Dr. Pitcairn: Vaccines Create Chronic Disease

According to Dr. Pitcairn, vaccines intended to protect pets against acute natural diseases actually create chronic conditions with features of the disease the vaccine was supposed to prevent.

This transformation happens in the laboratory, where natural viruses are modified in order to make vaccines.

Where the natural virus would trigger a strong immune system response, the modified lab-created virus in the vaccine doesn’t elicit much of a reaction by the animal’s immune system. Instead, it creates chronic disease.

The delivery of a vaccine is also very different from how a natural disease develops in an animal’s body.
Vaccines contain a number of toxic substances, including viruses, mutated bacteria, immune irritants, foreign proteins, and chemical preservatives. All of these toxins are delivered by injection directly into the blood and lymph, bypassing the usual first line of defenses, including the skin, mucous membranes, saliva, and so forth. So not only is the virus in the vaccine unnatural, the way it enters a pet’s body is also very unnatural.

When you look at the situation from this perspective, it’s easy to see how abnormal immune reactions are triggered by vaccinations.

Your Pet’s Individual Risk of Vaccinosis

The strength and balance of every animal’s immune system is different, so there’s no way to predict – unless your dog or cat has had a reaction in the past — how much danger your pet is in from exposure to the modified virus contained in any given vaccine or the many toxic ingredients it contains.

That’s why I strongly encourage pet owners to avoid all unnecessary vaccines and re-vaccinations.

Symptoms of Vaccinosis

Common vaccine reactions include:

  • Lethargy
  • Stiffness
  • Hair loss
  • Lack of appetite
  • Hair color change at injection site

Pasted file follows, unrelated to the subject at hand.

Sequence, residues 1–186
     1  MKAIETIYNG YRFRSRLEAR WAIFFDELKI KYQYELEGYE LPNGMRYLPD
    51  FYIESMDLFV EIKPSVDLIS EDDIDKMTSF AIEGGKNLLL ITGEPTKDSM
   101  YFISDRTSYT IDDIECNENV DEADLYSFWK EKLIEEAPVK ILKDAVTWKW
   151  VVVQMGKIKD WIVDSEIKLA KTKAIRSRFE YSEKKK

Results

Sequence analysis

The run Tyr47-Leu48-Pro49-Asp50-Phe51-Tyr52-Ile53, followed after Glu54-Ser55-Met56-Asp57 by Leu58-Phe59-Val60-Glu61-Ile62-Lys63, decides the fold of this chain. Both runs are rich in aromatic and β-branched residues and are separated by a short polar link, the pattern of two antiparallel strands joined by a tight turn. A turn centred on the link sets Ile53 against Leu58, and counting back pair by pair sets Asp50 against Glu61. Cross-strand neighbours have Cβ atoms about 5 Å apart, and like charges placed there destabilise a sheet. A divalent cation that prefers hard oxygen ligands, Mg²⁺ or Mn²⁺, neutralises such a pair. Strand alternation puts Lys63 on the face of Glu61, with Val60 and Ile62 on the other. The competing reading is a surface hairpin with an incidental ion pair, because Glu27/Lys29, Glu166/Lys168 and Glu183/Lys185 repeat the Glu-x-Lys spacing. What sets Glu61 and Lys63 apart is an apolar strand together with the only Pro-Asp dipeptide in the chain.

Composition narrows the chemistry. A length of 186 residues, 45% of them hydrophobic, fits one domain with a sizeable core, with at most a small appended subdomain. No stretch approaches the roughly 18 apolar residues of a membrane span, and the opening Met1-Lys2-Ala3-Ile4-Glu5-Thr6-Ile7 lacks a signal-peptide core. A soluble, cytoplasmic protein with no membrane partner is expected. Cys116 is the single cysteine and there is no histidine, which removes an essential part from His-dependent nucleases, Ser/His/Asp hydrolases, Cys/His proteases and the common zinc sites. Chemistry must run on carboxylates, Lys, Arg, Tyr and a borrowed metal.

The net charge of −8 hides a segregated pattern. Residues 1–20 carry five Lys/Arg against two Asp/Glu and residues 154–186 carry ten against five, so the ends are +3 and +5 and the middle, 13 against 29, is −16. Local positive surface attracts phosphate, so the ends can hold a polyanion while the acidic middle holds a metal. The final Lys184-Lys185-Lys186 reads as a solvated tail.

• Conjunctivitis
  • Fever
  • Sneezing
  • Soreness
  • Oral ulcers

More serious reactions:

  • Immunosuppression
  • Granulomas and abscesses
  • Behavioral changes
  • Hives
  • Vitiligo
  • Facial swelling
  • Weight loss
  • Allergic hypersensitivity
  • Reduced milk production (females)
  • Respiratory disease
  • Lameness
  • Allergic uveitis

Very severe illness:

  • Injection-site sarcomas (cancer)
  • Glomerulonephritis
  • Anaphylaxis
  • Myocarditis
  • Autoimmune arthritis
  • Encephalitis or polyneuritis
  • Polyarthritis
  • Seizures
  • Hypertrophic osteodystrophy
  • Abortion
  • Autoimmune hemolytic anemia
  • Congenital abnormalities
  • Immune-mediated thrombocytopenia
  • Embryotic (fetal) death
  • Thyroiditis
  • Infertility

Dog and Cat Vaccines: The Importance of Exercising Caution

Since the introduction of dog and cat vaccines, the traditional view of their use has been that they are safe and can be given as frequently as once or twice a year. This approach, tragically, has caused a tremendous amount of suffering for millions of pets.

As the truth about the dangers of vaccines slowly emerges, even traditional veterinary organizations and practitioners are acknowledging that vaccines are not the benign, “better safe than sorry” veterinary tools they were thought to be.

My recommendations for vaccinating your pet can be found in several videos, articles, and interviews here at MercolaHealthyPets. Most importantly, I don’t recommend automatic re-vaccinations at prescribed intervals for any pet.